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National parks in the United States, such as Yellowstone, differ greatly from those in most of the world.


WEST GLACIER – The largest national park on the planet is 2 1/2 times the size of the state of Montana, and gets about 500 visitors per year.

The oldest national park in the world had 23 rangers when it was established in 1778 – the same year the U.S. Constitution was officially adopted – and has only five today.

If you want to get an idea of how different America’s national parks are from those in other countries, there may be no better place to do so than at the once-a-decade World Parks Congress.

Sponsored by the International Union for Conservation of Nature, the most recent gathering was held in November in Sydney, Australia. The 6,000 participants from more than 170 countries included Glacier National Park Superintendent Jeff Mow, and U.S. Geological Survey research ecologist Dan Fagre, who is stationed in Glacier.

“It was my first opportunity to engage with the international community of conservation,” said Mow, whose trip was paid for by the Glacier National Park Conservancy after he was asked to make a presentation during the weeklong event – and wound up giving five of them, all on different topics.

Mow and Fagre discussed their trip last week at a special brown-bag luncheon at the West Glacier Community Center. The Crown of the Continent Research Learning Center sponsors the brown-bag talks from April to October, but made an out-of-season exception for this one.

Even though visitors to Glacier Park have largely been replaced by snow and ice at this time of year, close to 100 people showed up to listen.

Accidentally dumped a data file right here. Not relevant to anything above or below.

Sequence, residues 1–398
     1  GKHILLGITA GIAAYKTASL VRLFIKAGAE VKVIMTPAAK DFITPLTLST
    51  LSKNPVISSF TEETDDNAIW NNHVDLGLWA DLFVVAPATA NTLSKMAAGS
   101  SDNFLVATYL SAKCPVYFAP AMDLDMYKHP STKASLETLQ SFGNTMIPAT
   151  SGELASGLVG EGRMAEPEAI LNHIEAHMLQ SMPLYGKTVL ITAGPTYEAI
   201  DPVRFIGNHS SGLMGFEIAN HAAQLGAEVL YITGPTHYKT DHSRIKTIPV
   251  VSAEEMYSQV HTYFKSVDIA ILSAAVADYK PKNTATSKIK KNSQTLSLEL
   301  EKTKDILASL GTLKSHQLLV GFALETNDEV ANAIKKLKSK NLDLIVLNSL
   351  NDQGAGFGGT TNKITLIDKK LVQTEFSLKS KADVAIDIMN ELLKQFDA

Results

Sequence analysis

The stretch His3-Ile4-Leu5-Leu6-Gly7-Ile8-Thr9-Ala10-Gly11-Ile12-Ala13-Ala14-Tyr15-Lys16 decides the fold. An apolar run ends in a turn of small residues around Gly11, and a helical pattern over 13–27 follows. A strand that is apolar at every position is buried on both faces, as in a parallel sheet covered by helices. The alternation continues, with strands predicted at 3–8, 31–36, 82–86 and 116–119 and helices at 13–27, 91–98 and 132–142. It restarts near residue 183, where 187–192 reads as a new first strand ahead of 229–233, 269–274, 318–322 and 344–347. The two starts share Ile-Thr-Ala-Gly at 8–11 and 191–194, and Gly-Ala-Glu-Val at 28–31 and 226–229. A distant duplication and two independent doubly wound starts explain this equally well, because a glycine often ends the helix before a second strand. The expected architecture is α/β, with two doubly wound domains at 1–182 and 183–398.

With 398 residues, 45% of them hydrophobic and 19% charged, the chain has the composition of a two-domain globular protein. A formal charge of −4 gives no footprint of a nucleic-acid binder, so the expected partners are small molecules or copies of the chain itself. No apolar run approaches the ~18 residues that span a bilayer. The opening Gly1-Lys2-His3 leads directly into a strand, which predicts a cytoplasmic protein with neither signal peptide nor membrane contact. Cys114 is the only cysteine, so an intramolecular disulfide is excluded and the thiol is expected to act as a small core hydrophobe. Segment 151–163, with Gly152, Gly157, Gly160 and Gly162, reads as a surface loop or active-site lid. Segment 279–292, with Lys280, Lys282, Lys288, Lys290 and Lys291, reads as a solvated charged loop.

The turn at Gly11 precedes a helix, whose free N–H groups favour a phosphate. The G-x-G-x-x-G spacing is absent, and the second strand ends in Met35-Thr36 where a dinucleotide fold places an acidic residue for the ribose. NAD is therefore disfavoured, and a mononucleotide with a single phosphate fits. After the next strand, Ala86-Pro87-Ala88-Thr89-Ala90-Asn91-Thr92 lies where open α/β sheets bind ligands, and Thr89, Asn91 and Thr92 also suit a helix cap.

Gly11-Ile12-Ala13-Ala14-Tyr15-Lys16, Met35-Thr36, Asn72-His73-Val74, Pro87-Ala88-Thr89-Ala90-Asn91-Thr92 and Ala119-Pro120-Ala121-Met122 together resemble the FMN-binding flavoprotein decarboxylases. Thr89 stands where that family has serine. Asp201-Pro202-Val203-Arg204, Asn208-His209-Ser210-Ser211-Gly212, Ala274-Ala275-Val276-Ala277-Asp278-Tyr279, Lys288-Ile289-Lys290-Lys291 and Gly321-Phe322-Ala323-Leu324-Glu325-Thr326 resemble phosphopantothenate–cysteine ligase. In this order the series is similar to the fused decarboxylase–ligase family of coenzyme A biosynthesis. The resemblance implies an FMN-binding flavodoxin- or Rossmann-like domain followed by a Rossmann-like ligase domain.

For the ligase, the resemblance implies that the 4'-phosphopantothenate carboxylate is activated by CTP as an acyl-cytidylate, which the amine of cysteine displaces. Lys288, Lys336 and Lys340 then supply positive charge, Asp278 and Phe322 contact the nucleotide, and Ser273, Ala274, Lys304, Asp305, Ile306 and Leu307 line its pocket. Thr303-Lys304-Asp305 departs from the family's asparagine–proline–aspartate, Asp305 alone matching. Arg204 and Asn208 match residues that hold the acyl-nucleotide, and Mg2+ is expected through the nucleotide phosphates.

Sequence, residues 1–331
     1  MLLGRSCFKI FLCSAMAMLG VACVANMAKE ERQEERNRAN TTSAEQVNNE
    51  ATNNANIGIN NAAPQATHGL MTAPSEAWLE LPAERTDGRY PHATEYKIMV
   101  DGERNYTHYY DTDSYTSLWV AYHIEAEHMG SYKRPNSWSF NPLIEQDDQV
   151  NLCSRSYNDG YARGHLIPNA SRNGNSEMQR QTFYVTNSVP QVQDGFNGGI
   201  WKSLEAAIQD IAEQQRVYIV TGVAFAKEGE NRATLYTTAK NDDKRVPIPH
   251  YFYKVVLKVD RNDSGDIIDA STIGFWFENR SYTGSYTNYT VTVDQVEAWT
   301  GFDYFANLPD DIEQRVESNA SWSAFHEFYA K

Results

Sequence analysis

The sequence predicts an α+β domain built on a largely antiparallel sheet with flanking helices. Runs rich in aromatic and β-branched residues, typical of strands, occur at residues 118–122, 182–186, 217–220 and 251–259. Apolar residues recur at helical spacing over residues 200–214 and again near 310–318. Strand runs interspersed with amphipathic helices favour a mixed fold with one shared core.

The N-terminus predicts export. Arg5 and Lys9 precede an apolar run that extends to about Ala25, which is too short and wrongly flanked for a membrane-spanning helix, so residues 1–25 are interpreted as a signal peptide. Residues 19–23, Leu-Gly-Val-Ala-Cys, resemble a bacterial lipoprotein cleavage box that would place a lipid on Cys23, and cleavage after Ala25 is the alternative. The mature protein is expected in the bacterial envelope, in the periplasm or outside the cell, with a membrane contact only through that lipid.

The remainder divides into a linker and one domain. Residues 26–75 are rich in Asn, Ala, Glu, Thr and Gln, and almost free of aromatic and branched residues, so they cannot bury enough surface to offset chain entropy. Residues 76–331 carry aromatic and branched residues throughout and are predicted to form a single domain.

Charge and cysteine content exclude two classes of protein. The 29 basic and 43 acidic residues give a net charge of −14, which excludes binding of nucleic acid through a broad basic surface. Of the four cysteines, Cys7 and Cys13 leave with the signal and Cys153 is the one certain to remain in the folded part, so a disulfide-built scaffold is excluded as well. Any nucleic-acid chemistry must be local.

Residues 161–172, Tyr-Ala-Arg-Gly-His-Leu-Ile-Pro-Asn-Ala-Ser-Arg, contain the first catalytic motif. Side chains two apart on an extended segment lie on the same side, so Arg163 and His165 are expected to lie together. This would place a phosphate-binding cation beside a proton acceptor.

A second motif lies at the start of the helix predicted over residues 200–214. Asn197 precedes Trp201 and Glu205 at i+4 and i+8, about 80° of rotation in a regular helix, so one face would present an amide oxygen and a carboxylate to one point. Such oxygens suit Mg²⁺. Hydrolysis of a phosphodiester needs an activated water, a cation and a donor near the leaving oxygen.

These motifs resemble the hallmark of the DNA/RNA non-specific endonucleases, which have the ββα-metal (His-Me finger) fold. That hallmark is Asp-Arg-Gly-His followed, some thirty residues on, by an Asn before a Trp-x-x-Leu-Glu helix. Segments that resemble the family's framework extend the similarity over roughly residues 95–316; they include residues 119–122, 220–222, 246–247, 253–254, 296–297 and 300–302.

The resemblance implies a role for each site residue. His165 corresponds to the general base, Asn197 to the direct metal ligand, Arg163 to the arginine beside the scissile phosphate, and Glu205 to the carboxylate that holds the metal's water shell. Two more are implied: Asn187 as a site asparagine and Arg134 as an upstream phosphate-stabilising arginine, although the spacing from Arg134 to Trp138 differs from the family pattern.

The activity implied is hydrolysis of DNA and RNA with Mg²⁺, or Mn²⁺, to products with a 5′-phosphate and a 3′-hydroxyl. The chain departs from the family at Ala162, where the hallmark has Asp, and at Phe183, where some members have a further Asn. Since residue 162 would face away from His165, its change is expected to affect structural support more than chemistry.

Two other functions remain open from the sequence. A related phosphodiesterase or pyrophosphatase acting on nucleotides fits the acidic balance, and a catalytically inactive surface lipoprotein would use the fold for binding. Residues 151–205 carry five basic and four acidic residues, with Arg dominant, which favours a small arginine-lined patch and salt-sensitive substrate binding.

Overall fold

It was Fagre who highlighted the differences in national parks the world over.

Some in Africa “are militarizing their ranger forces,” he said, “to battle sophisticated poachers. In Virunga National Park in the Congo, they have round-the-clock guards because their gorillas are poached so heavily. The chief ranger there was murdered last summer.”

Some of those same parks have trouble affording the most basic of gear for their rangers, Fagre added.

“Research to address management conundrums gets pushed to the back of the list when you’re trying to buy shoes for your rangers,” he said.

America’s national parks have been preserved for current and future generations, but in other places, they are established to lure tourism dollars.

One-quarter of Costa Rica’s entire landmass has been set aside as national parks and preserves, but whatever conservation goes on, “it’s always with the bottom line in mind,” Fagre said. “It’s still the world’s most national park-y country.”

In India, meantime, many national parks have nothing to do with tourism and everything to do with religion.

“Most national parks in India are sacred groves,” Fagre said. “They’re the home of gods and spirits, not tourism hot spots.”

The world’s largest national park is in Greenland, has no permanent residents, covers 375,000 square miles, and is so isolated only a handful of people, mostly scientists, visit. Northeast Greenland National Park is larger than all but 30 countries in the world.


While the world’s oldest national park, Bogdkhan Uul in Mongolia, predates America’s oldest (Yellowstone) by almost a century, most U.S. parks were established before humans had a chance to overrun them.

Not so in many places in Europe, Fagre said.

“Our concept of a national park is not possible in many other parts of the world,” he said. “Many we saw in Sydney were relatively recent. We had an easier time. The template was real open when Yellowstone was created.”